Editor Yannick Guerry identifies the potential winners and losers following the Supreme Court BI judgment last month

Insurers will be reeling from the FCA business interruption (BI) Supreme Court appeal ruling.


Yannick Guerry

Beyond the immediate effects of having to pay out on claims that were hitherto not expected to be covered, and the reputational damage inflicted on the industry from the unedifying spectacle of insurers facing off with clients in court, insurance firms will be licking their wound for some time to come.

But policyholders look likely to be the main long-term losers, despite the short-term victory for many small businesses that were facing ruin without a BI payout.

Already we are hearing that wordings have been considerably tightened upon renewal of BI policies and premiums for these policies will no doubt skyrocket.

How easy will it be for a small business to get business interruption cover from now on? And then there are those businesses that did not claim, or were advised not to claim by their brokers - they must now be kicking themselves for not having done so in light of the test case ruling.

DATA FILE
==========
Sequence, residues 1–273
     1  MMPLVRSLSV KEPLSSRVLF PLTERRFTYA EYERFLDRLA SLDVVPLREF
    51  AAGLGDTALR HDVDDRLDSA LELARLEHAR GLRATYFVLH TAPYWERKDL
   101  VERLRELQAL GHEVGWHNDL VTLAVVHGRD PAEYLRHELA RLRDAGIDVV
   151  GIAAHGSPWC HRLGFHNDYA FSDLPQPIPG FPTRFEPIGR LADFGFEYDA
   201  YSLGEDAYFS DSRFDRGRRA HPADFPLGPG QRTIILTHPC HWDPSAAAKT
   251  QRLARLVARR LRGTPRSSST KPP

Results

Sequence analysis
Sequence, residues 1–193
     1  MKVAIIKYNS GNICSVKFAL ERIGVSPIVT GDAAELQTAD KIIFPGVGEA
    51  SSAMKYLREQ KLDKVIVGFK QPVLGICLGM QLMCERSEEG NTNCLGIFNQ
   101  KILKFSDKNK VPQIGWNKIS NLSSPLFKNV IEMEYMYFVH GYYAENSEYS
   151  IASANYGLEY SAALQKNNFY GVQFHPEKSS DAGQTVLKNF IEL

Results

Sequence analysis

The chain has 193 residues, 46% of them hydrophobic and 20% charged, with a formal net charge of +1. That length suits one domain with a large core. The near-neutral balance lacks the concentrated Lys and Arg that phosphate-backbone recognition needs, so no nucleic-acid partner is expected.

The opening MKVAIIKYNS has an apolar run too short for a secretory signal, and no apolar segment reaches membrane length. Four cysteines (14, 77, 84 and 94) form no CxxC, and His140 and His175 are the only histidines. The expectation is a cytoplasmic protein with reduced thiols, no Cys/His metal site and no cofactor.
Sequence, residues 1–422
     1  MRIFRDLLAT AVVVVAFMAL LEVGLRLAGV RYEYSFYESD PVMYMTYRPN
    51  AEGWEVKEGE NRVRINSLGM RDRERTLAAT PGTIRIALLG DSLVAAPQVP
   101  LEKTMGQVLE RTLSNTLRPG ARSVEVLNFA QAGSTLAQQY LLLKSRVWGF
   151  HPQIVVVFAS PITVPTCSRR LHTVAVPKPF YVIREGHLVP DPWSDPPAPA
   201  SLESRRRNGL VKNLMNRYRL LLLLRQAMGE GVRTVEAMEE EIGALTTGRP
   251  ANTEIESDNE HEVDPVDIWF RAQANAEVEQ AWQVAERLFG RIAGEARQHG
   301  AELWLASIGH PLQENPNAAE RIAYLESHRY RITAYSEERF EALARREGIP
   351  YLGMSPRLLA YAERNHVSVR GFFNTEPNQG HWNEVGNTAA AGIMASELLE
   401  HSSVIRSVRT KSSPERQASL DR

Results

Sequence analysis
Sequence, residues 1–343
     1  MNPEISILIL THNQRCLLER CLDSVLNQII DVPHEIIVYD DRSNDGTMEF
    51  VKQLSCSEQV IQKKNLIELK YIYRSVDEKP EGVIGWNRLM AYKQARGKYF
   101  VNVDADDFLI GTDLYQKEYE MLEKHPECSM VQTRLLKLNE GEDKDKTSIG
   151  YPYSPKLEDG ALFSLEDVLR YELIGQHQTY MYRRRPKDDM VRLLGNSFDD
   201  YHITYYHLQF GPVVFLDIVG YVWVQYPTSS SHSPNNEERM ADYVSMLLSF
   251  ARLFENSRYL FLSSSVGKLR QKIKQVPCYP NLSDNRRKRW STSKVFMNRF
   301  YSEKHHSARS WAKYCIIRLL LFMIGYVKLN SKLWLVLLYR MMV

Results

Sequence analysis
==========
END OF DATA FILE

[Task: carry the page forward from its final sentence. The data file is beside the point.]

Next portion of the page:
But the blame game has only just begun.

Compliance advisory firm Mactavish has brokers in its sights, pointing the finger of blame at intermediaries for not advising their clients of pandemic risks and more recently accusing them of essentially being on the side of insurers as opposed to their business clients.

While this claim has been rubbished by others in the industry, now more than ever brokers must be seen to be serving the best interests of their clients. A broker boasting how successful it has been despite the lockdown does not make for good optics when so many of their clients have suffered.

Empathy must be the order of the day.